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Don’t Count On Yield Curve

By Arkadiusz Sieroń – Re-Blogged From Gold Eagle

Are we going to fall into the trap of a self-fulfilling prophecy? Could investors trigger recession only because they are so worried about inversion of the yield curve? We invite you to read our today’s article about the yield curve and find out whether the popularity of the yield curve as an indicator of recession will bring on the recession that everyone is so afraid of.

In the last edition of the Market Overview, we have discussed whether gold investors should worry about the yield curve. Or should they keep their fingers crossed for its inversion? We concluded that not necessarily, as its predictive power has weakened and it doesn’t say anything about the timing of recession.

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Economy Beholden to Fed Interest Rate Policy

By Mike Gleason – Re-Blogged From Gold Eagle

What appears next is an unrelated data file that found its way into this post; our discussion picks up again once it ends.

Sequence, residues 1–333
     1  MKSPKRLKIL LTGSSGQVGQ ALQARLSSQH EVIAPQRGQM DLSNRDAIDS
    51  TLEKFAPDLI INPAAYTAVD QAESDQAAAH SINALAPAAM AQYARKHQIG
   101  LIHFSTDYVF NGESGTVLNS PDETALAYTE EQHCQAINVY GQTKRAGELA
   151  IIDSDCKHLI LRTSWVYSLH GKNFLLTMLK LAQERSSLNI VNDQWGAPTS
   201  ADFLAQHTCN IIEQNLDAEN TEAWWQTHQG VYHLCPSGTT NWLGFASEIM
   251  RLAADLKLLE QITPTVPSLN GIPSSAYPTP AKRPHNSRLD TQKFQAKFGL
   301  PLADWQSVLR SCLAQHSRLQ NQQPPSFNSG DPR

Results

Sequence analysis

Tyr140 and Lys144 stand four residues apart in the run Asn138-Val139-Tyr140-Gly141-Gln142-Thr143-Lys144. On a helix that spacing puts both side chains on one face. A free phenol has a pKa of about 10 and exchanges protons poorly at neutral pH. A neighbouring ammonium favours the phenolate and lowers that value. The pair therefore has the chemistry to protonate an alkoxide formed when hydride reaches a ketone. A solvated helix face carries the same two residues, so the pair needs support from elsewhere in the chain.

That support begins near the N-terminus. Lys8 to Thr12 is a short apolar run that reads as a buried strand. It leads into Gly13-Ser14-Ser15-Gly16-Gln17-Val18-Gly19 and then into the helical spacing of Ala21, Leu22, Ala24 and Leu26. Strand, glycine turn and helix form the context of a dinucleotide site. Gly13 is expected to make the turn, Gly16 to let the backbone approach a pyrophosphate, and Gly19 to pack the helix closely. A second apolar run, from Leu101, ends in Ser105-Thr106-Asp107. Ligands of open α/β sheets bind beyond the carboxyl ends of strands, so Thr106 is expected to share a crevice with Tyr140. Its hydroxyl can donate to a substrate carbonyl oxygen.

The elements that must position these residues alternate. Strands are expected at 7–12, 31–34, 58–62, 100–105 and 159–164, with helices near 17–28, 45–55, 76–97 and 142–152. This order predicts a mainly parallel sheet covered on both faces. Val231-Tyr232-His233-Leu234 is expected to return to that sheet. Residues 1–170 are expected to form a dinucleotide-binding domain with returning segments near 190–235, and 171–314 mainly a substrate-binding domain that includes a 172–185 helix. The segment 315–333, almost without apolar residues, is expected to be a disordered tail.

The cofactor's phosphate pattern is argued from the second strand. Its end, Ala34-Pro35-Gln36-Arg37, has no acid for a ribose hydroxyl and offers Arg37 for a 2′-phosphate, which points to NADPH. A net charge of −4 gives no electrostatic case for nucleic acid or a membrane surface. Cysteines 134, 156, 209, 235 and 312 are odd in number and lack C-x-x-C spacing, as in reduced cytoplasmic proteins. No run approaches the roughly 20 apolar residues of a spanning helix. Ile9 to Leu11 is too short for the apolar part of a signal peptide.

Mike Gleason: It is my privilege now to welcome in Dr. Lucas Engelhardt associate professor of economics at Kent State University. Dr. Engelhardt is an Austrian economist who has been a guest lecturer at the Mises Institute and in his teaching specializes in macro-economics in the examination of the business cycle, and it’s certainly a real pleasure to have him on with us today. Lucas, thanks so much for taking the time and welcome.

Dr. Lucas Engelhardt: Well thank you for having me on.

Mike Gleason: Well, I’m excited to have you on today because there is a lot to discuss with you. For starters I think a good place to begin is the business cycle. Now, but before we get into the misunderstandings that the Keynesians seems to have about this, explain the business cycle if you would and why it’s important in order to have a proper understanding of monetary policy.

Dr. Lucas Engelhardt: Sure. Now, as you mentioned, I come from the Austrian economic framework. And Austrian economics describes the business cycle as the consequence of manipulations happening in the money supply, specifically in credit markets. So, starting from that point, so how the business cycle happens is that we have somebody in the banking system. We know in modern America it would be the Federal Reserve is generally responsible for this. Decides to push down interest rates, normally to stimulate the economy.